Print Edition: March 27, 2013
We drink it, cook with it and wash with it on a daily basis – but how often do we actually think about the water we use?
This month, BC celebrated “Water Week,” an event that encourages Canadians to actively participate in the ongoing conversation surrounding the use and protection of natural water.
One group that took this water initiative to heart is The Water Wealth Project (WWP).
WWP is a non-profit group that is based locally in Chilliwack and advocates giving citizens more control over the water that resides within their home community.
“People who call a place home should have the right to say yes or no to decisions that impact that home – especially in regards to water,” WWP rep Natalie Jones explains. She manned a booth at UFV’s Canada Education Park campus last week, explaining the organization to anyone who stopped by.
In order to help engage the community, WWP has set up pilot initiatives, including the use of digital mapping software.
“People can literally plot their story on a map,” says Jones. “They can place a pin and explain why that place is special to them or what they are concerned about.”
The use of this software has been received positively by the public and gives WWP a chance to more broadly understand the threats that face local water sources.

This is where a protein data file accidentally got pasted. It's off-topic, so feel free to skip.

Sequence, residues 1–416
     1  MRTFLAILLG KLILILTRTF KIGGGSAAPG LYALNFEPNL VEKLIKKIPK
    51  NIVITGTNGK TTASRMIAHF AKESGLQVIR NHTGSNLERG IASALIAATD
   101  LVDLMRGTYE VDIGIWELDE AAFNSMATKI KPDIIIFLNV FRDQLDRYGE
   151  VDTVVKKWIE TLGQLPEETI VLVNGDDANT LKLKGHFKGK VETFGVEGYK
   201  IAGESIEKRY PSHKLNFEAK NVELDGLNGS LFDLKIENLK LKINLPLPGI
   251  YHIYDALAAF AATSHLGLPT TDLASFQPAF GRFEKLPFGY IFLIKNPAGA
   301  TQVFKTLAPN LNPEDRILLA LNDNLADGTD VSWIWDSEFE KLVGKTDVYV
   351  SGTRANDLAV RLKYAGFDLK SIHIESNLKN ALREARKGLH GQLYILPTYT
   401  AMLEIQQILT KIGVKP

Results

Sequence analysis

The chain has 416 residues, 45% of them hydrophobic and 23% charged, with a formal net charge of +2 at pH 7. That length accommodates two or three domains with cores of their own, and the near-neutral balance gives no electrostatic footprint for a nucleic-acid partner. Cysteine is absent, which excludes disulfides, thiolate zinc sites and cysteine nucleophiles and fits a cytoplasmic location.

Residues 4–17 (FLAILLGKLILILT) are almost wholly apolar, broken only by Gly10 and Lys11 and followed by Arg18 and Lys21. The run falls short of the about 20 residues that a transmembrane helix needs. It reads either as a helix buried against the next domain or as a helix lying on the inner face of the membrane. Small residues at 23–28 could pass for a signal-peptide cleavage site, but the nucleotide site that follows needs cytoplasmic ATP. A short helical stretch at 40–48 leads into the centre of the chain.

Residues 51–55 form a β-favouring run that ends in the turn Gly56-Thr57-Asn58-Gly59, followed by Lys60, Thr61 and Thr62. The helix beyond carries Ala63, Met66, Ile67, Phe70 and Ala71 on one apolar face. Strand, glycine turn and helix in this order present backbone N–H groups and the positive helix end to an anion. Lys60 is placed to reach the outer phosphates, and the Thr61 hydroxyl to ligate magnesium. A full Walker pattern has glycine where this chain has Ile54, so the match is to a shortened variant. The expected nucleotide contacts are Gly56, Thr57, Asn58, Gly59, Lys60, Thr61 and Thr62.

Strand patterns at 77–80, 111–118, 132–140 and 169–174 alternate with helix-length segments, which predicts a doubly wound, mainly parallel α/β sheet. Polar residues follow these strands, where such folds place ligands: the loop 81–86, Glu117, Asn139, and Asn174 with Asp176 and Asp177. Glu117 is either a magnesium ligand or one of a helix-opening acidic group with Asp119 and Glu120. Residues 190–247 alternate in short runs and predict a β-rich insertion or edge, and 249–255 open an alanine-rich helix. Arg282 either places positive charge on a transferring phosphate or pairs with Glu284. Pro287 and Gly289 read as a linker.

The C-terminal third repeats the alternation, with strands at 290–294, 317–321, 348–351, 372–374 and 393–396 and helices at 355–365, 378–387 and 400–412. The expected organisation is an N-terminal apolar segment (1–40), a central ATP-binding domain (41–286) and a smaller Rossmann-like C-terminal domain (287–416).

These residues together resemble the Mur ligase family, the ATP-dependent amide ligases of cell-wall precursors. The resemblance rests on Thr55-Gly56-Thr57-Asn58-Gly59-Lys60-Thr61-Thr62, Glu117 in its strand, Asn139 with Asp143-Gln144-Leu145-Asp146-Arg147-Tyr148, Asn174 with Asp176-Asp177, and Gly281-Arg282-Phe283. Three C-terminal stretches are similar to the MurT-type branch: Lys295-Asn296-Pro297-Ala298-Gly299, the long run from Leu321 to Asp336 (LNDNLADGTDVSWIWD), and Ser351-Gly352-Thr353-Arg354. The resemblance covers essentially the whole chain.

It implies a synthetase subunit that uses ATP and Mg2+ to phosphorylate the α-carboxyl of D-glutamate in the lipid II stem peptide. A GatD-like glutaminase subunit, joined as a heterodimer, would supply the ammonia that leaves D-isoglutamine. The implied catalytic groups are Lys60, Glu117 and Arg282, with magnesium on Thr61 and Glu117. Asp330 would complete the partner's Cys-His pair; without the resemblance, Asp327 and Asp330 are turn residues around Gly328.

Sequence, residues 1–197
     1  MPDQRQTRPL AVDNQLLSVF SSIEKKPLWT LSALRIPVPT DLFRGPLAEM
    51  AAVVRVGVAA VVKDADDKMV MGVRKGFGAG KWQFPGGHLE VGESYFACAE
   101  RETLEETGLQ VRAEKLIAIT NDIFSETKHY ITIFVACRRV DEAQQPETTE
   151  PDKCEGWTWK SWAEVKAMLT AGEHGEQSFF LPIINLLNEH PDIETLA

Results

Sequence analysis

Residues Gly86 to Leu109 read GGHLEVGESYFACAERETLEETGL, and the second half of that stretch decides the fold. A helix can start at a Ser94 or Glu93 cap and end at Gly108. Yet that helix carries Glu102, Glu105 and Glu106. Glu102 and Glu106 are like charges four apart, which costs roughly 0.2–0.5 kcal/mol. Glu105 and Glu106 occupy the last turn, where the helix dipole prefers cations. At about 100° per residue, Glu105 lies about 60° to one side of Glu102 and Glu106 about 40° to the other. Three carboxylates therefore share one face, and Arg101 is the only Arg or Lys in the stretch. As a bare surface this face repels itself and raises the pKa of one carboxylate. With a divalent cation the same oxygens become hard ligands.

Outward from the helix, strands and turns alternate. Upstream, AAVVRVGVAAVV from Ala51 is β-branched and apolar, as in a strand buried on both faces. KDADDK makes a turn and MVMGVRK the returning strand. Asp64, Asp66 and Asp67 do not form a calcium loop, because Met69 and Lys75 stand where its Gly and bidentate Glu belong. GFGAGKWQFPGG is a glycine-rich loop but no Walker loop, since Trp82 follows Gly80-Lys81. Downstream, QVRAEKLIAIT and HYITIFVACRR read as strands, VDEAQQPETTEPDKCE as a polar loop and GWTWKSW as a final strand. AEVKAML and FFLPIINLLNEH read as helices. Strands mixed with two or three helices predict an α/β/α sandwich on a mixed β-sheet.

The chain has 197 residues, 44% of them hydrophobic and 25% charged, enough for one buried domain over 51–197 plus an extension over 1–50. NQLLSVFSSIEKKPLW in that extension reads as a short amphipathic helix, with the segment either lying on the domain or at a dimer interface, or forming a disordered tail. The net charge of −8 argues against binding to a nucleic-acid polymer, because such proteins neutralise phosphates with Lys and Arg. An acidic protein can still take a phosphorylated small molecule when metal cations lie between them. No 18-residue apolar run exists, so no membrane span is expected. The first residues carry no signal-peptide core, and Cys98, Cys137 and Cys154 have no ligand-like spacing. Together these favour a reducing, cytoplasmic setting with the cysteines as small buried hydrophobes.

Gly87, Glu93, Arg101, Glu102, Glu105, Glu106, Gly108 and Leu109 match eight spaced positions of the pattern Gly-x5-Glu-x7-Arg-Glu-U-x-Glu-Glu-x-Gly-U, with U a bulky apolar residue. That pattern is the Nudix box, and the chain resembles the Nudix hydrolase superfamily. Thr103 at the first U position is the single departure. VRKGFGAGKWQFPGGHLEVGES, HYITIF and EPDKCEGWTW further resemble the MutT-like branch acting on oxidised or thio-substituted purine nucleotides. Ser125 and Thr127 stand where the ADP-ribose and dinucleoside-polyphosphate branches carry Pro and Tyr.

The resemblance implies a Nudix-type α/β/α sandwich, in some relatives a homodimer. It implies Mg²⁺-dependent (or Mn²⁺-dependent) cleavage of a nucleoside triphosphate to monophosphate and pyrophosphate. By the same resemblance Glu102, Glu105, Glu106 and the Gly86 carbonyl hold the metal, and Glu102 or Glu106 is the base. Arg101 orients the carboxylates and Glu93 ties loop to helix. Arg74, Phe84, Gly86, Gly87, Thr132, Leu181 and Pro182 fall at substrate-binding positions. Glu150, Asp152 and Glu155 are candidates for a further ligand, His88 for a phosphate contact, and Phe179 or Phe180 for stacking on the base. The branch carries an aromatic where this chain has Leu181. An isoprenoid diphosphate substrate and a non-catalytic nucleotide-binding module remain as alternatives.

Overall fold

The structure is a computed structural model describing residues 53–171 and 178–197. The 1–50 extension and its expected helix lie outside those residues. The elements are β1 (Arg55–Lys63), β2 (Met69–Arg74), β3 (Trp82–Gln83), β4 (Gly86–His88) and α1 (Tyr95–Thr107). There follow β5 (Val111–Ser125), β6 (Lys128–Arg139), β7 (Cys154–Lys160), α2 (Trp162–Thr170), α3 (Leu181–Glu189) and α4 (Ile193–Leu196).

“It’s like gathering threads from the community,” Jones explains. “Each person’s own personal story is a thread, and once we’ve gathered many of those [threads] we will be able to weave them together into a community narrative.”
By building these narratives and giving the community a centralized voice, WWP hopes to empower citizens.
“People really care,” Jones says, “but when people feel disconnected from each other – they can feel helpless.”
“Our job is to connect those people,” she continues, “and aid them in feeling empowered enough to be a part of the solution.”
WWP’s desire for local water control comes on the heels of a recent and controversial decision by the Fraser Health Department to chlorinate Chilliwack’s water system.
“People felt frustrated,” Jones says. “Having a doctrine handed down to them by a system that they had no choice in – they were totally powerless.”
“People want to have a voice.”
WWP will continue to collect stories and engage with the community, educating and equipping individuals with the skills they need to actively participate in the decision making process of how local water sources are used.
“We are way stronger than we think,” Jones concludes, “especially when we get together.”
A few weeks back Jones attended a UFV anthropology class as a guest lecturer, where she explained the purpose of WWP.
She explained to the class that if the public were in control of the situation—rather than politicians already bogged down with other issues—they’d be more likely to look for the root cause of recent pollution to Chilliwack’s water.
Eliminating the pollution—and its root causes—would benefit the public the most, she explained; adding chemicals to the water is just a band-aid solution.
Those looking for more information about the project, or with interest in getting involved, can find out more at waterwealthproject.com or at the group’s Facebook page.